System for Calibrating Dogbone RFID Moisture Sensors using Decagon 5TM Conductivity Sensor and I2C Communication

Author: Brett Stoddard

Hello  Everyone! 

This last week I’ve been working on getting a system to log data that I will use to calibrate the Smartrac Dogbone RFID moisture sensing tags in soil

Abstract and Objectives

This blog post describes a system to log data that I will use to calibrate the Smartrac Dogbone RFID moisture sensing tags in soil using a Decagon 5TM moisture sensor. The goal of this system is to log both 5TM’s electric permittivity readings (ε) alongside Dogbone’s moisture sensor levels over a long period of time to make a relationship and eventually properly calibrate the Dogbone tags to the current industry standard, dielectric permittivity. 

Using a 2GB SD card, this system will be able to record 82 million data points, more than enough for our system (each data point takes up around 26 bytes and 2*230/(26) = 82*106 ). The period that the measurements are taken at can be changed easily, but is currently set at 10 minutes which gives a solid resolution but is still small enough to analyze easily. Theoretically, measurements could be taken with a minimum period of 5 seconds. The logged data points will be saved as a CSV file because those can be read by Excel which will make analyzing data fairly trivial. 




After encountering a few problems, the system that I settled on was two Arduinos that would communicate over I2C. I was forced to do this because the “SDI Library” that is needed to communicate with the 5TM soil sensor I was using is incompatible with the “SoftwareSerial” that was critical for debugging and testing the code.

I2C communication was originally developed for and is usually used for multiple chips on the same embedded electronic system to communicate over the same bus. It’s useful for when tasks need to be split between multiple Arduinos. I2C is implemented in Arduino using the Wire library. For this situation, the slave Arduino was the one reading data from the TM5 sensor. The nice thing about I2C is that it is relatively trivial to add additional sensors to any sensors to a setup in case we want to make multiple readings at the same time. The code for implementing this setup was written by following this tutorial

One Arduino was set as a slave and read the data from the 5TM sensor. I followed Chet’s Decagon 5TM sensor guide to set this up. The master Arduino had the GPS logger, and RFID reader shields on it to record the values. The RFID reader shield uses pins 2 and 3; the GPS SD logger pins 13, SCL, and SCA; and I2C pins GND, A4 and A5 on the master Arduino. The 5TM sensor used pins 6, 5V, and GND; and I2C pins GND, A4 and A5 on the slave Arduino. The hardware diagram shown below illustrates this.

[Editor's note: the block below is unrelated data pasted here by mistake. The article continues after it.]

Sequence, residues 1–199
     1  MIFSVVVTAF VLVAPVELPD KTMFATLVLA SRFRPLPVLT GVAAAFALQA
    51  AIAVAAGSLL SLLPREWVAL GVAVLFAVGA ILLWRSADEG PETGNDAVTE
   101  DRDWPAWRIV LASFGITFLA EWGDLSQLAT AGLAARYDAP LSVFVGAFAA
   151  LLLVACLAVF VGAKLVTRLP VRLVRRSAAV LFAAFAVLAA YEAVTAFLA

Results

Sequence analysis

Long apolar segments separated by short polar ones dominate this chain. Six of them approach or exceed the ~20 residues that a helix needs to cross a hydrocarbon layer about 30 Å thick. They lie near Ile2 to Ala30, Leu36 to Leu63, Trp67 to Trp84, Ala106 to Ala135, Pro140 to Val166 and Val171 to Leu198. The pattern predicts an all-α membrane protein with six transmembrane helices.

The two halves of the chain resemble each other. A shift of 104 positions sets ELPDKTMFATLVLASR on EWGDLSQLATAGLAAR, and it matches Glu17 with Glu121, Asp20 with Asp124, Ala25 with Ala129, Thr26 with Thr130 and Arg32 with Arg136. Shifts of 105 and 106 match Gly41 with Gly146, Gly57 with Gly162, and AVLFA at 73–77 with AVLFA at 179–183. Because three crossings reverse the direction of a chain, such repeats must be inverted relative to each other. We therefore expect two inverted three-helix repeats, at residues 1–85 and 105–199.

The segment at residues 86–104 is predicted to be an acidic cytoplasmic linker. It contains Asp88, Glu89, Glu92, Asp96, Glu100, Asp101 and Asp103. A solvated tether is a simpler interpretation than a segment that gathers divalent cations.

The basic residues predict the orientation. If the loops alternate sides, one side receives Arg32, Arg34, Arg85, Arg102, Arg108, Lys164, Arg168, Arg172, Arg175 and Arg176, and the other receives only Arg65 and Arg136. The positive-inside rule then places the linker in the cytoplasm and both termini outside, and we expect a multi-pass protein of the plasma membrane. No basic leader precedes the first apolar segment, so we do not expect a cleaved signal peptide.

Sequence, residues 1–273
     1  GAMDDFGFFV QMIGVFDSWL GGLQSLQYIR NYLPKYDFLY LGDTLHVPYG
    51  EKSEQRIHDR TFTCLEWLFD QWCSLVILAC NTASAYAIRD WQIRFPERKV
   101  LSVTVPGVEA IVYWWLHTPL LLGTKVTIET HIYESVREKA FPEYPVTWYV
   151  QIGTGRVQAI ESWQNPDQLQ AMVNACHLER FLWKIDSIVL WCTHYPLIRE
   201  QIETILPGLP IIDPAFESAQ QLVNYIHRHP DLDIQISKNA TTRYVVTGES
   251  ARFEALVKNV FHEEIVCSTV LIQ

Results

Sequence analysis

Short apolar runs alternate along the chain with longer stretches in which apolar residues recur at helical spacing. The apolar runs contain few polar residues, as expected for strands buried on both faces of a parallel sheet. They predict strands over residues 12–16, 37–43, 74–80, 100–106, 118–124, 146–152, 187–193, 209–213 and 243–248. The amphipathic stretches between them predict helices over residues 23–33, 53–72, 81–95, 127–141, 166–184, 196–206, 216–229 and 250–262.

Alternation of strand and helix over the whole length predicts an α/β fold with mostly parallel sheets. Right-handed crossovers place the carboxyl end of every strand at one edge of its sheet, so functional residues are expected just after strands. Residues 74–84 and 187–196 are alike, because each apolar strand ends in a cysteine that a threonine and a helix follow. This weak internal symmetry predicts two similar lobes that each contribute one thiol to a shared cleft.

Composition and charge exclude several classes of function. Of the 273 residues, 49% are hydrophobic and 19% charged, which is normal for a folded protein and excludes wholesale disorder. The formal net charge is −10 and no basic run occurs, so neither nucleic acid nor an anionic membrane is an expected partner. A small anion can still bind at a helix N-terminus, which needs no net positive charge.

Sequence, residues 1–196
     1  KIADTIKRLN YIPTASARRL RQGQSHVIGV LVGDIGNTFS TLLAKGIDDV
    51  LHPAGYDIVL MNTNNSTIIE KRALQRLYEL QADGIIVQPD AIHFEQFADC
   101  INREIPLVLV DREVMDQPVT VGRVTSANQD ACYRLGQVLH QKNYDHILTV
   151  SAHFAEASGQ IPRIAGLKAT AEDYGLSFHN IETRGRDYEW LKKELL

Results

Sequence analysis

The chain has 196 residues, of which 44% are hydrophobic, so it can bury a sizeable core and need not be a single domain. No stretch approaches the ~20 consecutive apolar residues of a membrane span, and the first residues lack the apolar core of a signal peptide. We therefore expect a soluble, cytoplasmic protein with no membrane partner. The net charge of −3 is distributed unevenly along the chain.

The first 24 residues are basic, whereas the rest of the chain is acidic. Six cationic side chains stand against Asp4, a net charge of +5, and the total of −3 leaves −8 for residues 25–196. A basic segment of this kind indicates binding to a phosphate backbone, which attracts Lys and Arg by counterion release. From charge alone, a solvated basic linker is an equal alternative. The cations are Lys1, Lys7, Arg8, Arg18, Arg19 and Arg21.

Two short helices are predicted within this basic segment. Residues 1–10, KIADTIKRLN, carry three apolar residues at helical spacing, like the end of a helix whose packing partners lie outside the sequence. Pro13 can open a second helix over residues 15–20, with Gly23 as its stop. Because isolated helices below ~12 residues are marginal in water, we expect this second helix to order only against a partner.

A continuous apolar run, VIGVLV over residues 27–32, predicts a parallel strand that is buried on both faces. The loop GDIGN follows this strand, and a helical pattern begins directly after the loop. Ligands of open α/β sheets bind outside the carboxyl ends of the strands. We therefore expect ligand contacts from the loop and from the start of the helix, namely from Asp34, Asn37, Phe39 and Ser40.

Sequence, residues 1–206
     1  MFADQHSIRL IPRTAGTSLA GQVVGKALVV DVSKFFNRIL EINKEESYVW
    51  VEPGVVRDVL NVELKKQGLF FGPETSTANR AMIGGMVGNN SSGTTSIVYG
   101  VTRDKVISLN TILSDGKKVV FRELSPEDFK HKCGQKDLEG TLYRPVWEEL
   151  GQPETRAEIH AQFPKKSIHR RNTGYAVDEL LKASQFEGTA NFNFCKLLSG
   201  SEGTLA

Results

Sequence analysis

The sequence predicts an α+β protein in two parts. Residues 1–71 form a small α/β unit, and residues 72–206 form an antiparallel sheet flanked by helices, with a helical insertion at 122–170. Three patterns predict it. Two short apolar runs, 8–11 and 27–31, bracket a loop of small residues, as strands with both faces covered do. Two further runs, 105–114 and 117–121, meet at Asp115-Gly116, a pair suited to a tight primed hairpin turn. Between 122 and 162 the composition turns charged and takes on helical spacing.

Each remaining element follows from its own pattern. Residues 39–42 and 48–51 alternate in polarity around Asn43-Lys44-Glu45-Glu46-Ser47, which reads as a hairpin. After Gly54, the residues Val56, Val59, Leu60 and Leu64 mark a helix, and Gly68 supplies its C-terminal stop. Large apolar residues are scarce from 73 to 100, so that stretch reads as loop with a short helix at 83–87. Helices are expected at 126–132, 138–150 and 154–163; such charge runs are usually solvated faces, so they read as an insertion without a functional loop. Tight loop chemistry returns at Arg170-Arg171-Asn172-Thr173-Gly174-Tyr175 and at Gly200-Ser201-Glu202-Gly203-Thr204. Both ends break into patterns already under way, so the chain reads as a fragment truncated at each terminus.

The code for this system will be posted in the examples folder of my RFID Github library under the title “Calibrator example”.


Last night, the first data set was collected using this setup over the course of 16 hours. Below is the graph (made in Excel) that shows the Dogbone moisture values (units not named) vs the 5TM conductivity measurements (dielectric permittivity, ε). There was a recorded R^2 value of .75 which means there was a moderately high correlation between the two. As one can see from the graph, over time the 5TM’s electron permittivity decreased slowly as the soil slowly dried out. Longer-term tests where the soil has time to go from saturated to dry will be key for properly calibrating the Dogbone tags to the current industry standard, dielectric permittivity.

The x-axis has units of number of 10 minute intervals

The x-axis has units of number of 10 minute intervals

Toward Comparing RFID Moisture Performance with Industry Standards: Decagon

Author: Chet Udell




Our previous experiments have shown the RFID moisture sensor tags are in-fact reading gradual changes in soil moisture content. The next step is to compare the performance, consistency, and resolution of these tags to industry standard equipment to see how it measures up using Decagon Devices soil moisture sensors. In this post, Chet gets a 5TM Soil Moisture and Temperature Sensor chatting directly with an Arduino to deploy in experiments, and eventually integrate into the battery of available Internet of Ag sensors.